The North Star, later Frederick Douglass’ Paper, antislavery newspaperpublished by African American abolitionist Frederick Douglass. First published on December 3, 1847, using funds Douglass earned during a speaking tour in Great Britain and Ireland, The North Star soon developed into one of the most influential African American antislavery publications of the pre-Civil War era. The name of the newspaper paid homage to the fact that escaping slaves used the North Star in the night sky to guide them to freedom. It was published in Rochester, New York, a city known for its opposition to slavery. The motto of the newspaper was, “Right is of no sex—Truth is of no color—God is the Father of us all, and we are brethren.”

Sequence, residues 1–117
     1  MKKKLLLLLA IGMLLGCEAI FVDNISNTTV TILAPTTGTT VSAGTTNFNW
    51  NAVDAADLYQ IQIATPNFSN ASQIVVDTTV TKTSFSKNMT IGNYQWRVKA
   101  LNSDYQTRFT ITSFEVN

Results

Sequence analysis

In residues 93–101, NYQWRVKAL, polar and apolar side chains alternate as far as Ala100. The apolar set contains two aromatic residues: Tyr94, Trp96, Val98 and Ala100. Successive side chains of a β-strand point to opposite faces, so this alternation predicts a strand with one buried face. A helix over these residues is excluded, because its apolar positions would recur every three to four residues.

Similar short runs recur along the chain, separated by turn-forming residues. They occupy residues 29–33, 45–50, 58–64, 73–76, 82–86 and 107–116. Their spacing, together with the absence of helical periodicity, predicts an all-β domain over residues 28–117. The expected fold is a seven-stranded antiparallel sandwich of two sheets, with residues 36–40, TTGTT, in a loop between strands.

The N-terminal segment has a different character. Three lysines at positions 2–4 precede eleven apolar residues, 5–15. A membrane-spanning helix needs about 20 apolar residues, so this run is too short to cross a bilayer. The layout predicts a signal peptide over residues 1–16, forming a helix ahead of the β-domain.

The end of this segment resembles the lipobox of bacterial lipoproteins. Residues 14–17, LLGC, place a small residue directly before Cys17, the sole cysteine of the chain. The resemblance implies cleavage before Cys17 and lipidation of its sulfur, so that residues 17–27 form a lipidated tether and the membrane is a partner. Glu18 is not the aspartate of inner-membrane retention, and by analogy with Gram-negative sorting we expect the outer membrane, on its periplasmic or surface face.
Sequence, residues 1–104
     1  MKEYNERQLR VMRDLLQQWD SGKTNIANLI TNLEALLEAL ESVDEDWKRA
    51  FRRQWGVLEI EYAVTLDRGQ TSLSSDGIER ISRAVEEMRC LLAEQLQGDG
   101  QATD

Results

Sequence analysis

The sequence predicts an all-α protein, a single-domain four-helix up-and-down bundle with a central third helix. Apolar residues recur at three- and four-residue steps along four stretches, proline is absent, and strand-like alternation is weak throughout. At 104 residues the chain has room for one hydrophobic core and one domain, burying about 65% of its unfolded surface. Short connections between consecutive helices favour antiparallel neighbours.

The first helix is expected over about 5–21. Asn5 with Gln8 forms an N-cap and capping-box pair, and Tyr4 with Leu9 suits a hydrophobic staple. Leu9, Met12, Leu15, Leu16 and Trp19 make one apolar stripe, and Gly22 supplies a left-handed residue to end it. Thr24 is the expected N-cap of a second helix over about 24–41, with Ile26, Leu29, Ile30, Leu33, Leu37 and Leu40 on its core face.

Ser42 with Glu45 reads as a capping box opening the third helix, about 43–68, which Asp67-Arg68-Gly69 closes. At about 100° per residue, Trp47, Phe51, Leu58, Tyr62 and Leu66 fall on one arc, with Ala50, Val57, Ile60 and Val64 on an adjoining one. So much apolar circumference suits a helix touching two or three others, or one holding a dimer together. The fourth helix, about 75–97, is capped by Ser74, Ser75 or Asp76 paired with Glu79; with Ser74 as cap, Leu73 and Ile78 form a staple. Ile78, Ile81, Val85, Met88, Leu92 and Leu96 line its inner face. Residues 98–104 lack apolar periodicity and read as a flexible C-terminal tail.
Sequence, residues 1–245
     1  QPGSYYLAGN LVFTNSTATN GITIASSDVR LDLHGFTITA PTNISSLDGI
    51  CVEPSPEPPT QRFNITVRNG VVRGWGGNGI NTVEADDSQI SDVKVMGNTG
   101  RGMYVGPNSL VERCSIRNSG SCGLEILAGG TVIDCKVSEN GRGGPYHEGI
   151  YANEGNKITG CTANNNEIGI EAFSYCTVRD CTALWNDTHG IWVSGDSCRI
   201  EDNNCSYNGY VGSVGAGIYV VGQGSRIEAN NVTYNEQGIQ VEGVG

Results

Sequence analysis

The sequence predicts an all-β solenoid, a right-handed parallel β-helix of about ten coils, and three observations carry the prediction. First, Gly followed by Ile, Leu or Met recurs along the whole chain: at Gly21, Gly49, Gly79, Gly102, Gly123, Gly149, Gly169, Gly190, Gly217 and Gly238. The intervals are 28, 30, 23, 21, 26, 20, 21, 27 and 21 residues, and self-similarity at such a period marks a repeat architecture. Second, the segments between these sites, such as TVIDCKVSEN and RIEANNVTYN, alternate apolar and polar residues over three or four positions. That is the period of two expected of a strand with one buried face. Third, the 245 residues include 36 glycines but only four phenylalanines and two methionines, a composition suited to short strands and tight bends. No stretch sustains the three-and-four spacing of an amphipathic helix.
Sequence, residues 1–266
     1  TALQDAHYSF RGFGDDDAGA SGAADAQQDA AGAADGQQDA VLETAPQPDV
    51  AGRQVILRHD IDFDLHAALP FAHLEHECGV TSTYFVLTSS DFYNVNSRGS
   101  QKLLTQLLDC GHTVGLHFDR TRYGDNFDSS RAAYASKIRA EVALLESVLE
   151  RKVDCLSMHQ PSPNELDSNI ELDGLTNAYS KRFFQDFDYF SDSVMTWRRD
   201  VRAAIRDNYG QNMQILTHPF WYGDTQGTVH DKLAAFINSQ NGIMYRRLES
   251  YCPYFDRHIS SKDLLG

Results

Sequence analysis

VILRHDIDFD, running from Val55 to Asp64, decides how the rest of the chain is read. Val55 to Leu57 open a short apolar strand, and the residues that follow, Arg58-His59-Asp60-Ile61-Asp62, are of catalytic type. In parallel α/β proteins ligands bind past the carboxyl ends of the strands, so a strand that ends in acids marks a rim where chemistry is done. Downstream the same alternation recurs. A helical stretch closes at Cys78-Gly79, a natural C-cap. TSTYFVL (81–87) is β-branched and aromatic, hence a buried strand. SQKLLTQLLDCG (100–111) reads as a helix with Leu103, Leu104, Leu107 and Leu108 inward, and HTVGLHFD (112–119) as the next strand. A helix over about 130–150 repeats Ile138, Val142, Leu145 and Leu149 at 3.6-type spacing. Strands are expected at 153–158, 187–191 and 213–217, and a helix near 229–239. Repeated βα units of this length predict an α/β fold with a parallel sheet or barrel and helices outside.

In the first issue of The North Star, Douglass explained his reasons for establishing an African American-owned newspaper. He emphasized that he did not want to seem ungrateful to people such as William Lloyd Garrison, a white abolitionist who published the antislavery paper The Liberator. However, he claimed that it is common sense that those who suffer injustice are those who must demand redress and, thus, African American authors, editors, and orators must have their own paper with which to share their voices.
Read More Of This Article @http://www.britannica.com/topic/The-North-Star-American-newspaper